4. If you ask to hold the baby and mom says no thank you, do not ask again until the situation changes, or at least an hour has passed.

5. If you are offering to hold the baby to “help out,” you should be sure that this is the help your daughter in law wants.

6. Wash your hands!! It is beyond my understanding why my in laws refuse to wash their hands, constantly claiming that they are clean. Well, you just bought something and paid cash, it’s not clean. You just ate greasy food with your hands, they are not clean. You just wiped your mouth with a napkin and then used that napkin to wipe your hands and then did not wash with water. It is not clean! I struggle with my in laws and my husband’s grandmother on a near daily basis in regards to this. I’m not one to disrespectfully say it to your face. When I ask you to and you refuse and snatch my baby, I cannot do anything in part due to showing cultural respect. But keep this up, and I can assure you that when, not if, but when they move out, you will not see as much of them as you would has you been more mindful of the mom’s wishes.

5. Mother in laws tend to have it a little harder because as women, we love babies more than men. This means we also must be more careful–do not hog the baby!! If you’ve been holding the baby a while or see the mom looking your way, please ask, “would you like the baby back?” Not all daughter in laws are going to demand their child back, so please be courteous.

6. It is natural if the baby and mom are closer to the maternal grandparents than the paternal grandparents. Baby goes where mom goes, and baby is usually closer to mom than dad.

7. Your son has less rights to the baby than his wife. If you are uncomfortable asking your daughter in law about something, you can ask your son. But if you demand, you are likely to cause stress between your son and his wife as well as jeopardize how much your daughter in law will want you around.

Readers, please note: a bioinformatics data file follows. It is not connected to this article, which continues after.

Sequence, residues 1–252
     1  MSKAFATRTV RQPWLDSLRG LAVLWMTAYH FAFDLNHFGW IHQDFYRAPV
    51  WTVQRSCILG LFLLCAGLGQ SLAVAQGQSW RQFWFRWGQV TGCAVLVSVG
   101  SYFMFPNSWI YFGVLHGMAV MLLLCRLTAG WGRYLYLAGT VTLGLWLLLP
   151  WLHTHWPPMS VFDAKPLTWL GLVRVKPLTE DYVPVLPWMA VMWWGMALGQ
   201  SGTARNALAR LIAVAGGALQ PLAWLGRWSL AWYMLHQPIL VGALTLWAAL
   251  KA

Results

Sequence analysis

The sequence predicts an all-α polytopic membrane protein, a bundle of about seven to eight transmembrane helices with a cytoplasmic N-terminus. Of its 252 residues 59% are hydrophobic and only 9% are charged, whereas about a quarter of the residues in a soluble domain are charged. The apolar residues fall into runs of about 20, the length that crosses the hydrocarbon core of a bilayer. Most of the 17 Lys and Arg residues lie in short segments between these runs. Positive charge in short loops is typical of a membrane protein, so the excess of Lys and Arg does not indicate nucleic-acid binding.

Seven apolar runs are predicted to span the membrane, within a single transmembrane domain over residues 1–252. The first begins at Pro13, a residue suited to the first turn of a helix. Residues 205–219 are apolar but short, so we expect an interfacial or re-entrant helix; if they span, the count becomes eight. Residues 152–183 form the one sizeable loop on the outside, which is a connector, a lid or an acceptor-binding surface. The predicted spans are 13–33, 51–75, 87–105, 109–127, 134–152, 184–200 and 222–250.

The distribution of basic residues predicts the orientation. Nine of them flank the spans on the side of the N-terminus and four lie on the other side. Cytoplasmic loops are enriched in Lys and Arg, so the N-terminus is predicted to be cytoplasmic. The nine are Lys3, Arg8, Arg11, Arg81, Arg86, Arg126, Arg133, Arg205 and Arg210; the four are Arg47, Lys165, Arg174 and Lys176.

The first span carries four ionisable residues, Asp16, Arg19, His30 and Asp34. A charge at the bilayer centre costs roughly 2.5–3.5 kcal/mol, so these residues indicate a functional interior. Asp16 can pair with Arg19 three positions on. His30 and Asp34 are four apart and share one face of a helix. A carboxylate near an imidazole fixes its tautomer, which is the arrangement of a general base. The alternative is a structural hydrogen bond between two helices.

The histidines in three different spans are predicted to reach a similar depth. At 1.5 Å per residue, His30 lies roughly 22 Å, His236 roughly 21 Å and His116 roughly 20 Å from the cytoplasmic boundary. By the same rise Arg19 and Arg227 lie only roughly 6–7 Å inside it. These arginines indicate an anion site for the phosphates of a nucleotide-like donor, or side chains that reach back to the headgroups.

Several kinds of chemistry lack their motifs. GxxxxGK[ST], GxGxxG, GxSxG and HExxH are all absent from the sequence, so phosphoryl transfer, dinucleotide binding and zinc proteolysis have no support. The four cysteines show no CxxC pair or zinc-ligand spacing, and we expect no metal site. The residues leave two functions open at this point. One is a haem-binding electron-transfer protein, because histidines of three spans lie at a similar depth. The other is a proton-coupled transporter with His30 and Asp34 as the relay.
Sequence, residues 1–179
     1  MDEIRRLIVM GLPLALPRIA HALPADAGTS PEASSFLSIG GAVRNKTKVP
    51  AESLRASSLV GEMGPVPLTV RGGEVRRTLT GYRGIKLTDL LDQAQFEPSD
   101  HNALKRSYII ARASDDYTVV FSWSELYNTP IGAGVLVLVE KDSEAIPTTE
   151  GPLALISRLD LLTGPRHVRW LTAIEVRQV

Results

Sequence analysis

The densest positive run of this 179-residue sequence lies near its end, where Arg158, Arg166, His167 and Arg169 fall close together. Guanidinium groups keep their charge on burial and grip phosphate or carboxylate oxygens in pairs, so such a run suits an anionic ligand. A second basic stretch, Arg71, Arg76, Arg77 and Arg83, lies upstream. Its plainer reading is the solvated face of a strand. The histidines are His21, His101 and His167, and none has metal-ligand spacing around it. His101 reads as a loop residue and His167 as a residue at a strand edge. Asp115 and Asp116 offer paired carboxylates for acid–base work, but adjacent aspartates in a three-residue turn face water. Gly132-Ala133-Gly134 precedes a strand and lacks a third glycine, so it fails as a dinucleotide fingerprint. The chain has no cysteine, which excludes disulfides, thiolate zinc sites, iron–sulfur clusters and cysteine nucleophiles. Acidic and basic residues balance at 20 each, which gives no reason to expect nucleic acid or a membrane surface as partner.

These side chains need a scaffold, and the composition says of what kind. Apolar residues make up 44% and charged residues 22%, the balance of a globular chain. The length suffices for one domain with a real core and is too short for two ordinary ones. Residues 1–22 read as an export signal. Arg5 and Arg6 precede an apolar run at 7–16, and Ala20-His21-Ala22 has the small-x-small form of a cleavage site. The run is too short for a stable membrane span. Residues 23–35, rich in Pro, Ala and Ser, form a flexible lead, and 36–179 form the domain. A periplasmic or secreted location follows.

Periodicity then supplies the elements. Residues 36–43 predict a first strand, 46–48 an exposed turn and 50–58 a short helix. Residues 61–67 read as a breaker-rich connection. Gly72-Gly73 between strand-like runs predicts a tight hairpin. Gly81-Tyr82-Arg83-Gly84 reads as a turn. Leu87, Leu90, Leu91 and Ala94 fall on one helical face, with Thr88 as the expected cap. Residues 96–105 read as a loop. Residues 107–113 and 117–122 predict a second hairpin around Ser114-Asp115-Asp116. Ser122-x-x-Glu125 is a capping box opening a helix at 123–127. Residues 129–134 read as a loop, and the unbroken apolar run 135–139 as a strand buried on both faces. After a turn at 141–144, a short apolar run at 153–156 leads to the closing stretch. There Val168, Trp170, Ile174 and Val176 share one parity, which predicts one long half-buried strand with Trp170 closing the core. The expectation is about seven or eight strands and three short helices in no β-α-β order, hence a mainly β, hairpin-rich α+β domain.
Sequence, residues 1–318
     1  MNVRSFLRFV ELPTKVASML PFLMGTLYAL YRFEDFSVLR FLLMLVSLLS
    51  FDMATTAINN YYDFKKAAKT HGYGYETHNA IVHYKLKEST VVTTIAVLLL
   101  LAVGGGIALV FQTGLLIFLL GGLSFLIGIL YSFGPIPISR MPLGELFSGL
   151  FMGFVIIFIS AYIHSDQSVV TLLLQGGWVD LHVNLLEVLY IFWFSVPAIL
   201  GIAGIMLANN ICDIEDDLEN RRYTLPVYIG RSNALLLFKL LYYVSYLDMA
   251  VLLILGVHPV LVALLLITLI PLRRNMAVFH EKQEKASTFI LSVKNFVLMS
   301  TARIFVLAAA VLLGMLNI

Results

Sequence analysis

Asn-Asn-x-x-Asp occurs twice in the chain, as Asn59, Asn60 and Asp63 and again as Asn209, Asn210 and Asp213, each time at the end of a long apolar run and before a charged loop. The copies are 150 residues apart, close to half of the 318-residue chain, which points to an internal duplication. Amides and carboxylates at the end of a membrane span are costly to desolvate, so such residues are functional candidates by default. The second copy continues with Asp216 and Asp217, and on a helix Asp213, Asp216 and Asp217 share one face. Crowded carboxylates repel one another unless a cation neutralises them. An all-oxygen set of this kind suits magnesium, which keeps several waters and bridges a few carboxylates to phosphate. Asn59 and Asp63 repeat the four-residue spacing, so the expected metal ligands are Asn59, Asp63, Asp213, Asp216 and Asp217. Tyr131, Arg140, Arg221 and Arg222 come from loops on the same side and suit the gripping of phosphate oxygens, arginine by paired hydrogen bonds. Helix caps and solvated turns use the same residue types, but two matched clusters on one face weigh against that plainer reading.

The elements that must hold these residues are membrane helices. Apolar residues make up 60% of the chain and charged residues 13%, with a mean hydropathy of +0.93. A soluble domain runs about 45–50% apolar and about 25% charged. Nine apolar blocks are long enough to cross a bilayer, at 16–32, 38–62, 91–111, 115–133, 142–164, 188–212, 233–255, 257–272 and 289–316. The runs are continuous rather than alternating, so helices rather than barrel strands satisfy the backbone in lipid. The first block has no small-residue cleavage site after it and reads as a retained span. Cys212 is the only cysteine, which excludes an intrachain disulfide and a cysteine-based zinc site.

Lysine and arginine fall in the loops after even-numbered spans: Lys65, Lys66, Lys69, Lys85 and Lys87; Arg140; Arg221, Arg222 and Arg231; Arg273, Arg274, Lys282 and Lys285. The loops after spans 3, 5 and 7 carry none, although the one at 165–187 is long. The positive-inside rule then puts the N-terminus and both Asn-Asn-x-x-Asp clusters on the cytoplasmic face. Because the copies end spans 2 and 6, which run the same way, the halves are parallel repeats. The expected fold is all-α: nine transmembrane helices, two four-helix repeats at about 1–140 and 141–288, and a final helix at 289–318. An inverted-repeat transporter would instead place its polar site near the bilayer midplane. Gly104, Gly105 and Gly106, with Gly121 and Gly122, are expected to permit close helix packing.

There are many little tidbits about my own experiences of frustrations and annoyances towards the baby’s grandparents on both sides, but I’ll leave those to rant posts.

I wanted to keep this as a general reminder for myself in the future so I can remember not to do the things to my future daughter in law that I currently dislike as a new mom and daughter in law today.

Hope this helps some of you. I know we all have good intentions, but we should constantly remind ourselves: this is not our baby, and respect whatever the mom wishes. It’s hard to know if the mom doesn’t discuss it with you because you may not have that type of relationship, or if there is a language barrier, but just be mindful not to “help yourself” to the baby and ask for permission every time.

As you may have heard, the road to hell is paved with good intentions. Don’t accidentally put yourself on that path.

 

WhatĀ advice do you wish your mother in law to have? Or how has becoming a mother changed your perspective to shape you when it’s your turn?

Marriage and Last Names

As a child, I’ve always said that when I grow up I would not be changing my last name. Before dating, this fact was made known: why waste time if this was going to be a deal breaker for someone?